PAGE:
Latvian leader dubs supermarket cave-in 'murder'
Latvia's president demanded on Saturday that a supermarket cave-in which killed at least 54 people be treated as murder, as rescuers threatened by falling debris halted their search for survivors until dawn.
All search and investigation work was suspended until Sunday morning after a third section of the supermarket's roof collapsed at 6 pm (1600 GMT) Saturday without causing any injuries.
Terrifying accounts emerged from survivors of Thursday's disaster at the Maxima store in the capital Riga, as anger and suspicion mounted over its causes.
"I was queueing at the cash desk when the roof suddenly caved in. It all happened within a few seconds," said 19-year-old Antons Ryakhin, saying "about 100 people" had been inside with him.
"It was dark but still light enough to see the exit. I ran out. The doors were open, but a lot of rubble fell in front of them -- I think that's why some people couldn't get through."
A police spokeswoman told AFP 13 people were still reported missing in connection with the collapse, the Baltic state's worst disaster since independence in 1991 and Europe's third deadliest roof catastrophe in 30 years.
But two days on, hope was dwindling that more survivors could be found.
President Andris Berzins told Latvian public television the case "must be treated as the murder of many defenceless people", demanding it be "investigated at maximum speed".
Earlier Saturday, police investigators could be seen sifting through the rubble alongside rescuers at the site where Riga mayor Nils Usakovs wants to build a memorial.
But after the third collapse, their work was halted.
"We need to ensure the safety of the rescuers," said fire chief Okars Abolins. Three firefighters were crushed to death when a second collapse occurred on Thursday.
The Latvian government confirmed that two Russian citizens were among the victims.
Latvia declared three days of mourning for victims and flags were being flown from houses across the country with a black sashes attached.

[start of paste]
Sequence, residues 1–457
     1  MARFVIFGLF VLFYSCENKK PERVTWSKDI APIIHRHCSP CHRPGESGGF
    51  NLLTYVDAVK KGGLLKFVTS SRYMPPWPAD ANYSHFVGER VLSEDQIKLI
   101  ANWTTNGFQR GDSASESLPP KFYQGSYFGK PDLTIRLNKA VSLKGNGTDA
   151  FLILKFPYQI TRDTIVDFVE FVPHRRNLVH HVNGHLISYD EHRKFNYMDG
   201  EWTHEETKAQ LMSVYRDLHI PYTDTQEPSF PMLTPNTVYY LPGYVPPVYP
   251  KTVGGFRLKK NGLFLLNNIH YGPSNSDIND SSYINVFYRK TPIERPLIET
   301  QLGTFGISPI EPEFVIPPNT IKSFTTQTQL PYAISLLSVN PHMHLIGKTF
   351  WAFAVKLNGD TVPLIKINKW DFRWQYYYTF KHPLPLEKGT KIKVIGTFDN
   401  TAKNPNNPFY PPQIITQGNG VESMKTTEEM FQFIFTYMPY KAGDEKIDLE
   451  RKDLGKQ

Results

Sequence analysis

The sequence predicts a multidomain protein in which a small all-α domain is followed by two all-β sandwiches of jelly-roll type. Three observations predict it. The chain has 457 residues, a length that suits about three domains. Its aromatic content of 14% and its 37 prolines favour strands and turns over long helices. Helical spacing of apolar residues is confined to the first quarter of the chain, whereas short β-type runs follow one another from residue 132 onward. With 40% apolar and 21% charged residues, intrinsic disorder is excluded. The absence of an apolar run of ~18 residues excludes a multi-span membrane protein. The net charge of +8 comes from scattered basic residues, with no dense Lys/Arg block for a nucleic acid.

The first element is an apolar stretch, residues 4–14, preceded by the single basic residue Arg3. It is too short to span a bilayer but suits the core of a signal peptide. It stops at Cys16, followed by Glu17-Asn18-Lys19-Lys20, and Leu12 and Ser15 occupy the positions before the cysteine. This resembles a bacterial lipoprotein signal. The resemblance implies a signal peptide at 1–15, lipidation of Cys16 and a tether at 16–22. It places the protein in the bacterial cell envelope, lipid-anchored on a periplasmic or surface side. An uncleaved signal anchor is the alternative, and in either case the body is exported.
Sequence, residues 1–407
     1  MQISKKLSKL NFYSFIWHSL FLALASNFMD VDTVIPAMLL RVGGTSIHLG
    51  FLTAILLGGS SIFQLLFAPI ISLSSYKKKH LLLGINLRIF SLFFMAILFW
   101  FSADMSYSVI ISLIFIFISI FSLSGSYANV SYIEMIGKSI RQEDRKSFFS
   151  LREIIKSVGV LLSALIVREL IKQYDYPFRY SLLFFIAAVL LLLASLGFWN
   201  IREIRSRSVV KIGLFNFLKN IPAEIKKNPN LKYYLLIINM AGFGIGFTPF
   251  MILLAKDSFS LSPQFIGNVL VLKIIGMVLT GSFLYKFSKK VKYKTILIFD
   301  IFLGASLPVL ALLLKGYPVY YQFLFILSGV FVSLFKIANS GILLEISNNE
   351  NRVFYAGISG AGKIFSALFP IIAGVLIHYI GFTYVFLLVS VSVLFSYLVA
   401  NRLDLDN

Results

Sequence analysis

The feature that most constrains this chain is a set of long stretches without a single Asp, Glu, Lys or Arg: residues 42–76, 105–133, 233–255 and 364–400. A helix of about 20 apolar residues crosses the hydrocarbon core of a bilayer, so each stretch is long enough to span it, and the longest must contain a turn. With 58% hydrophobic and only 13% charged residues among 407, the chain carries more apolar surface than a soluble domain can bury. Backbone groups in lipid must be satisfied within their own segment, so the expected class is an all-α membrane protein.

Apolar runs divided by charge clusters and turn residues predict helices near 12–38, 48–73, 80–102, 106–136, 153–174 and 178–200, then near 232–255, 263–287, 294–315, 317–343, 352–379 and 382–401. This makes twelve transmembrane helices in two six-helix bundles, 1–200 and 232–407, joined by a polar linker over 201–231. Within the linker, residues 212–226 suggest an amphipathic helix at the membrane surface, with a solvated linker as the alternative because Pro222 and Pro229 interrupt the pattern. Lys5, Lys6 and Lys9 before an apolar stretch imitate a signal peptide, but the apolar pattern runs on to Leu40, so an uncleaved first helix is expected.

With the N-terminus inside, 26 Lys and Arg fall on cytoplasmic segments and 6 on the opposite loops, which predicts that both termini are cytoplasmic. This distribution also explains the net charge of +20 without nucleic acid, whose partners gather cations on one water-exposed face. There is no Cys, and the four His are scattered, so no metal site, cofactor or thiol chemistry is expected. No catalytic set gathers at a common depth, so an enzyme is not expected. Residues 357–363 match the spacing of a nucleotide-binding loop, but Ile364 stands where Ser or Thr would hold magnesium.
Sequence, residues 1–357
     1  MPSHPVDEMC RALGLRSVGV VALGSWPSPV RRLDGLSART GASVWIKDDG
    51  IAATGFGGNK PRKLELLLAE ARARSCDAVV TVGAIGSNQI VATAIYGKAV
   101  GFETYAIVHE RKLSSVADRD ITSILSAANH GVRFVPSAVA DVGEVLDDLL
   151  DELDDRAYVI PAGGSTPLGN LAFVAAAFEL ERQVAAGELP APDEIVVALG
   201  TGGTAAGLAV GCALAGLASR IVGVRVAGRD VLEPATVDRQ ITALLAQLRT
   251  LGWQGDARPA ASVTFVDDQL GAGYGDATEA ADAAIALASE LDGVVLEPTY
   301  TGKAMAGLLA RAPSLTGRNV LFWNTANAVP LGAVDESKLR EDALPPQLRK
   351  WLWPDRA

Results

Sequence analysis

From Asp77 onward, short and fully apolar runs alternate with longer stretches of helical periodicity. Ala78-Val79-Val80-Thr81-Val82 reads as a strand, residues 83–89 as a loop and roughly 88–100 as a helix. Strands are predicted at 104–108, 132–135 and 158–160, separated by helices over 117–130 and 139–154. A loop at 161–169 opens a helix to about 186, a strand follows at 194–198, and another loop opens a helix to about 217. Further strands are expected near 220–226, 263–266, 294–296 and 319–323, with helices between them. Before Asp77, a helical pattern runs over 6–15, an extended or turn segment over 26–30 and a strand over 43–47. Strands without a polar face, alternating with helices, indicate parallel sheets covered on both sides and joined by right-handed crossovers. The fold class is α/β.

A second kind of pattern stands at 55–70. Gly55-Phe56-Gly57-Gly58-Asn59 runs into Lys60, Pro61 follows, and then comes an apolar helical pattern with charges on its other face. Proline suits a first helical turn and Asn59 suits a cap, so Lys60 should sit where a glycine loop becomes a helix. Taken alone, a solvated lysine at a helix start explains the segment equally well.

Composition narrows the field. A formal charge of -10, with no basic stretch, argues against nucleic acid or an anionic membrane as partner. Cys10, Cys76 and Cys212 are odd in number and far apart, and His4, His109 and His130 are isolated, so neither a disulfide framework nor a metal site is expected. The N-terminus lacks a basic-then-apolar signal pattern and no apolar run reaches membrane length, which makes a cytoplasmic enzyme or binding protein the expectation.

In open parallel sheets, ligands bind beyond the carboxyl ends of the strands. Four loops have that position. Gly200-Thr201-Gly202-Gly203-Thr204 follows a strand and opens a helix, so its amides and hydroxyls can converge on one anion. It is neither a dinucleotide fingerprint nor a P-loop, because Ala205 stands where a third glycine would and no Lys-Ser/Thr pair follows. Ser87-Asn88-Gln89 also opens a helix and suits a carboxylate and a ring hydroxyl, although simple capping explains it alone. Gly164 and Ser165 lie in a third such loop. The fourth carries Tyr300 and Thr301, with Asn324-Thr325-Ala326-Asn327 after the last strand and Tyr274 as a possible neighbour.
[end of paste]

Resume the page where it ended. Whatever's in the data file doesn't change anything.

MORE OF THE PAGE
Speculation as to the causes has centred on the extra weight created by a rooftop garden and playground, and on the possibility that building regulations may have been bent.
"It's probably the same old story -- do it cheap and pocket the difference. But it is ordinary people who pay the real price," Riga taxi driver Arsenijs Smirnovs told AFP.
Maxima spokeswoman Olga Malaskeviciene told AFP the company had launched safety checks at its 140 other stores in Latvia and plans similar reviews in nearly 300 others in Lithuania and Estonia.
"The building was given a thorough inspection just a few weeks ago as it had reached the end of its initial two-year guarantee. No problems were found," said Marite Straume, spokeswoman for the Re&Re firm that did the construction work.
"The strange thing is, at the time of the collapse we were replacing the heavy rocks that had been there for two winters with much lighter materials to make the garden. The roof was actually getting lighter," she told AFP.
A photograph published by Latvia's Diena daily showed an aerial view of the roof prior to the collapse, covered in soil, shrubbery, a children's playground and construction materials.
"Visually the building looked great but it is more important to get the technical engineering right than the looks," Sergejs Meierovics of the Latvian association of building engineers told AFP.
Part of the roof at the two-year old supermarket crashed down during peak shopping hours around 6:00 pm on Thursday, in the Zolitude district of the Latvian capital.
Thousands of glowing candles and heaps of flowers decked the perimeter crash barriers surrounding the site, placed by a constant stream of shell-shocked residents.
"I don't even know why I'm here. It just seems important. Maybe if there is still someone in there they can feel that we are here," pensioner Normunds Andersons told AFP.
Just days after November 18 independence celebrations, the tragedy snuffed out an upbeat mood in Latvia, with 2014 set to mark its entry into the eurozone and showcase Riga as the European capital of culture.
Books of condolence have been opened at Latvian embassies abroad, while the Latvian government, Riga city council and the Maxima retailer have promised compensation to victims.